Petit Guignol

The Wanting Seed and Honey for the Bears

by Anthony Burgess
Norton, 285 and 256 respectively pp., $3.95 each

Though he’s been busy at the fiction trade since 1956, Anthony Burgess first started to loom on American horizons with his Clockwork Orange (1962). I haven’t read any of the six novels that preceded that minor bombshell (only a couple have been published here), and list them here, mostly out of antiquarian piety. Time for a Tiger, The Enemy in the Blanket, Beds in the East, The Right to an Answer, The Doctor is Sick, and Devil of a State appeared at about one-year intervals from 1956 to 1961 without creating much of a stir. Perhaps stir would have been excessive; for even the Orange, which clearly broke through something, was just as clearly a flawed literary product. Its language was jazzy: in the tradition of sour Utopias, it was horrifyingly seedy and brutal. But it didn’t have much dimension for character, or rather a lot of the character was obviously mechanistic; and the over-all structure of the book left something to be desired in the way of clarity and point. Alex the droog as narrative agent posed some problems which were far from neatly solved, and in general one felt the presence of more raw energy than the author could gracefully control.

Now, in The Wanting Seed and Honey for the Bears, we have two more volumes by this supremely prolific writer—the former published here just a few months ago, the latter new: and from a critical point of view, they represent a very satisfactory sortingout of elements which made the Orange such a fixed performance. Most of the grand-Guignol gadgetry has gone into one book, most of the literary art into the other. Instead of two mediocre books, we have a pretty bad and a very good one. The gain is obvious.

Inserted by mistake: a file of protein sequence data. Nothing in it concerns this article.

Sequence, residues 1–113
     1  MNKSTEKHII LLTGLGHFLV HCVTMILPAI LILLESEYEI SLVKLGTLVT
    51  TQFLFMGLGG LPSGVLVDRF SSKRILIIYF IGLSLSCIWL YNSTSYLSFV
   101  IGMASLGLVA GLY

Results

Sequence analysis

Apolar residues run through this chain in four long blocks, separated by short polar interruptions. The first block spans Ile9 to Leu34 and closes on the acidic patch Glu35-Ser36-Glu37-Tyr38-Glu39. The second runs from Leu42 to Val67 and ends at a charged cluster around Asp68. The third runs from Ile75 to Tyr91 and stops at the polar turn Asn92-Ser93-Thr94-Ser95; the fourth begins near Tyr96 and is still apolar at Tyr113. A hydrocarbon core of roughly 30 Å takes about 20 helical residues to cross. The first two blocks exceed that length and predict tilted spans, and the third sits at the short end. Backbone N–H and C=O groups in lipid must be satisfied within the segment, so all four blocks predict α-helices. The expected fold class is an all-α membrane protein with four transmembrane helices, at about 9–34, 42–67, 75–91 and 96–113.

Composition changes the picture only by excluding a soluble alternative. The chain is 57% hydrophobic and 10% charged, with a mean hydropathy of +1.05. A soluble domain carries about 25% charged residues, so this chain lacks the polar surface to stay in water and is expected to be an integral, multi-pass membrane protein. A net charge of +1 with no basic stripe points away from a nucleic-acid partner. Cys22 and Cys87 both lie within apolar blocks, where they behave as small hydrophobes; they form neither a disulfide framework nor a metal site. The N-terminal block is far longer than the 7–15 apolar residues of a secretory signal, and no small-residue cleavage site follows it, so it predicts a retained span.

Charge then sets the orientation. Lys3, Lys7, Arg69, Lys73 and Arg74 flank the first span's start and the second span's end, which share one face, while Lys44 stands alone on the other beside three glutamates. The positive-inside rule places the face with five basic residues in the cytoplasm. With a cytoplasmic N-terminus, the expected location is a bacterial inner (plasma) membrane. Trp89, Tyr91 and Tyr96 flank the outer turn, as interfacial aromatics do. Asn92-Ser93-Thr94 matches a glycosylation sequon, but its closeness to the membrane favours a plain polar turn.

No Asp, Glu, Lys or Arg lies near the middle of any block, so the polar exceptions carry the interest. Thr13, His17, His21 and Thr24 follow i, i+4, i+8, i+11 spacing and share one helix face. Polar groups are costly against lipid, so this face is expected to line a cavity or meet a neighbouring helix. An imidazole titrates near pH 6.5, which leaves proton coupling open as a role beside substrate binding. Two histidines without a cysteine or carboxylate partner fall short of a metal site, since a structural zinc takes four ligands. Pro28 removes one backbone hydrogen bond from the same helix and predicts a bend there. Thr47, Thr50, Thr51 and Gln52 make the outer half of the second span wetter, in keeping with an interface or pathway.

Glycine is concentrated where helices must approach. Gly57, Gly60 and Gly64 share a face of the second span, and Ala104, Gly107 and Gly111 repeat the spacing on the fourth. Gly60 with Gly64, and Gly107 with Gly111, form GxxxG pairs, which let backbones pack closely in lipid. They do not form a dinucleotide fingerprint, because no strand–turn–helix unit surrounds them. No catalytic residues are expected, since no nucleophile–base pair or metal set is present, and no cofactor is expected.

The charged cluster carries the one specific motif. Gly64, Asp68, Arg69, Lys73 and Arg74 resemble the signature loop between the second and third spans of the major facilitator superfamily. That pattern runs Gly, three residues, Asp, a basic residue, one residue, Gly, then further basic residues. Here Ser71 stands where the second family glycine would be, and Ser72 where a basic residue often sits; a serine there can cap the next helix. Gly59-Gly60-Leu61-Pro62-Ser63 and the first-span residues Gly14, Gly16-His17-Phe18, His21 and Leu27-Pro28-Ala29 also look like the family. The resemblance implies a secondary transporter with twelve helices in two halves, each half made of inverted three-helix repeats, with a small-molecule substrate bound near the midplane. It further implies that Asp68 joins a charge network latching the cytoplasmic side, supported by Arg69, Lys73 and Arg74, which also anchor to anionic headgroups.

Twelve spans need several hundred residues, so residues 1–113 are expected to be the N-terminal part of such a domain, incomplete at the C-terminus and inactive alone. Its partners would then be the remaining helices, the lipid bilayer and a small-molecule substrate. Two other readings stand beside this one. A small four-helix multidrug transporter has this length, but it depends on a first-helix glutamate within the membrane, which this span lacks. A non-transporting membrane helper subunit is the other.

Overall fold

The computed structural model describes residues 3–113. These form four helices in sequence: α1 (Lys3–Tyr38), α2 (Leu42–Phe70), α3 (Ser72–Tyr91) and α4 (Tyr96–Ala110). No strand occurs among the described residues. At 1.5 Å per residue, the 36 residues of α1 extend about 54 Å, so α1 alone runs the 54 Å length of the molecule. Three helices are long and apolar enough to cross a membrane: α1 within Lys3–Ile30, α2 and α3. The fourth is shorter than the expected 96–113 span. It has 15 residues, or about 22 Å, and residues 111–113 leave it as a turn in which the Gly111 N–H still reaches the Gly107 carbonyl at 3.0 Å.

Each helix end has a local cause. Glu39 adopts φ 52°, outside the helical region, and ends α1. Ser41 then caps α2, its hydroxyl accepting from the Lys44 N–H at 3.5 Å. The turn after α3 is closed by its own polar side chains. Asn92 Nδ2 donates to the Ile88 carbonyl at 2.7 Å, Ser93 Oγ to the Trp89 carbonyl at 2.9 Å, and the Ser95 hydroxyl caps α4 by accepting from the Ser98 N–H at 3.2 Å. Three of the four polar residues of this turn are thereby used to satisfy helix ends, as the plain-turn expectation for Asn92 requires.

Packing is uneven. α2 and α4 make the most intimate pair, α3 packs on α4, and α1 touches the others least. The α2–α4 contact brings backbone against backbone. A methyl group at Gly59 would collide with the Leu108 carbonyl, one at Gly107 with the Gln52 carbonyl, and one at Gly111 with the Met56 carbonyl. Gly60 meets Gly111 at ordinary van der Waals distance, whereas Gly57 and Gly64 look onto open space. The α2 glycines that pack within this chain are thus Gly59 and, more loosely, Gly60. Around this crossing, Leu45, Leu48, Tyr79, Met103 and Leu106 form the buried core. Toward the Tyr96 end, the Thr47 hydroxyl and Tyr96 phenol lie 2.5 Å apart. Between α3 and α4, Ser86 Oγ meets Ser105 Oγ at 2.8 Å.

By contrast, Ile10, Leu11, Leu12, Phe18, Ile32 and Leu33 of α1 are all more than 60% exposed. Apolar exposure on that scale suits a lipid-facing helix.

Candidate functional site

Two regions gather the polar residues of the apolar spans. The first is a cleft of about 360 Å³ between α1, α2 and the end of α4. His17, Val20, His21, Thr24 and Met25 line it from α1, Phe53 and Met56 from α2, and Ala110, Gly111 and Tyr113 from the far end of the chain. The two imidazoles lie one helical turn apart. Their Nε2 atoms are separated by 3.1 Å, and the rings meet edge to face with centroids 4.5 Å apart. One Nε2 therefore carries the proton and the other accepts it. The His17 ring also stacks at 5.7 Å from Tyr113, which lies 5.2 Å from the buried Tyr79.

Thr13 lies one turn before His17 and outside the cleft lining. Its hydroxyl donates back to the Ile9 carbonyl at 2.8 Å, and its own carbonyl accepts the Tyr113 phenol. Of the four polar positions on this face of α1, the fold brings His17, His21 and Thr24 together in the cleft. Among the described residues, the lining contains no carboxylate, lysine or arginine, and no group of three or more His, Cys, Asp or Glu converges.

Seed, to this reader’s taste, is a mechanically contrived and clumsy novel; its gimmick is the population explosion, and it relies on no other allurements—neither plot nor character nor style nor atmosphere. All the foreseeable grotesque horrors are here; the teeming rabbit-warren cities with contraceptive-dispensers at every street-corner. population police, castration-propaganda, a diet of plankton-cakes, mass murder, and mass homosexuality. After many trials, the featureless heroine bears twins, not only illegal but illegitimate; how heroic can you get? Her heterosexual but low-pressure spouse, persecuted like Edgar by his evil, ambisexual brother like Edmund, sees the smashup of the artificial society, and experiences a pseudo-religious fertility-revival movement which is allowed to trail off without getting anywhere. Having passed by novelistic contrivance through a mass-murder establishment, he returns to Brighton for a last-page reunion with his ever-loving. Since the reader has never really made the acquaintance of either one of these paper-dolls, it is possible to feel less than misty-eyed at their regrouping across a baby-carriage within which the twins—still illegitimate, but now apparently legal and in fact okay—coo and gurgle at the English Channel.

Honey for the Bears, on the other hand, is a novel for people. For one …

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